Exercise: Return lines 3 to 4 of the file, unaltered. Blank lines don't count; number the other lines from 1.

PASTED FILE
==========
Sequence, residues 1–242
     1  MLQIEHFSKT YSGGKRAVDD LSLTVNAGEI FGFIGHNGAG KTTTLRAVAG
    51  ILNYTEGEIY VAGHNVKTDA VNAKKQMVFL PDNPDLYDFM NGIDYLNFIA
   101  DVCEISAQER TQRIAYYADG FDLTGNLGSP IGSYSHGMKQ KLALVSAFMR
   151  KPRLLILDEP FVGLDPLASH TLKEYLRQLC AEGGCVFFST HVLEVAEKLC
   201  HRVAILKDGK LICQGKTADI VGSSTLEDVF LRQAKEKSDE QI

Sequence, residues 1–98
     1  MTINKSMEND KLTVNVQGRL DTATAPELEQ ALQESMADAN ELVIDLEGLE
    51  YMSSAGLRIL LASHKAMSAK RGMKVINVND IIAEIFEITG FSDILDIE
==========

    51  ILNYTEGEIY VAGHNVKTDA VNAKKQMVFL PDNPDLYDFM NGIDYLNFIA
   101  DVCEISAQER TQRIAYYADG FDLTGNLGSP IGSYSHGMKQ KLALVSAFMR